Pensions Get a B+
Nancy Walker, executive director of the city's retirement system, says that influence was all bad. At the end of fiscal 2007, the investment fund supporting city's pension plan was valued at $452 million. "At the end of [fiscal year] 2006, $405 million was the plan's value. ... At end of 2009, the fund was at $322 million."
The fund still hasn't recovered. "Right now it's at $450 million, so basically back up to where it was 2007," Walker says. And at the same time that the recession was taking a bite out of the plan's value, more people began drawing pensions. "There were a lot of cutbacks in personnel, and that increased the number of people in retirement substantially," Walker says. "So we've had to pay out more."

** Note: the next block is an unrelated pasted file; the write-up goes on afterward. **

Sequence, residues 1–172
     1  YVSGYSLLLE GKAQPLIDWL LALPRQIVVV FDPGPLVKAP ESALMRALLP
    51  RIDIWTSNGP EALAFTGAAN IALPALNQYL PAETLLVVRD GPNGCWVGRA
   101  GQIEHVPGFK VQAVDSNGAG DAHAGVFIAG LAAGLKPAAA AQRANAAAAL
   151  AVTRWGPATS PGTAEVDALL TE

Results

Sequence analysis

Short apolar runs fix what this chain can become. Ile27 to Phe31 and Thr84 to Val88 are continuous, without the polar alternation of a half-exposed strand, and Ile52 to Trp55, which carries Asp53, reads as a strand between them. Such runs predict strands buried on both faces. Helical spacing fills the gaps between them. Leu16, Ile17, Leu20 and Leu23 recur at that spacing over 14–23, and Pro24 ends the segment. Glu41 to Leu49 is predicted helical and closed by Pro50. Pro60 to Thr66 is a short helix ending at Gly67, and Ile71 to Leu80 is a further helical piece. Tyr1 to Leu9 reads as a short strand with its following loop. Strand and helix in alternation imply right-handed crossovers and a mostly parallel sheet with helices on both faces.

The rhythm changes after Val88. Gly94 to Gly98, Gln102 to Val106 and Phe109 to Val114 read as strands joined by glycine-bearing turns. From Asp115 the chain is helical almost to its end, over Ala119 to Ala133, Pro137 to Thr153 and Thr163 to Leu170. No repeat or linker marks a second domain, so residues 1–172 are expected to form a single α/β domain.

Powers explains that while "benefits vary between general service employees and police or fire employees, there is one pension plan, and there's always been one pension plan. The most significant difference is between general services and police and fire because police and fire employees have shorter careers and more physically demanding jobs."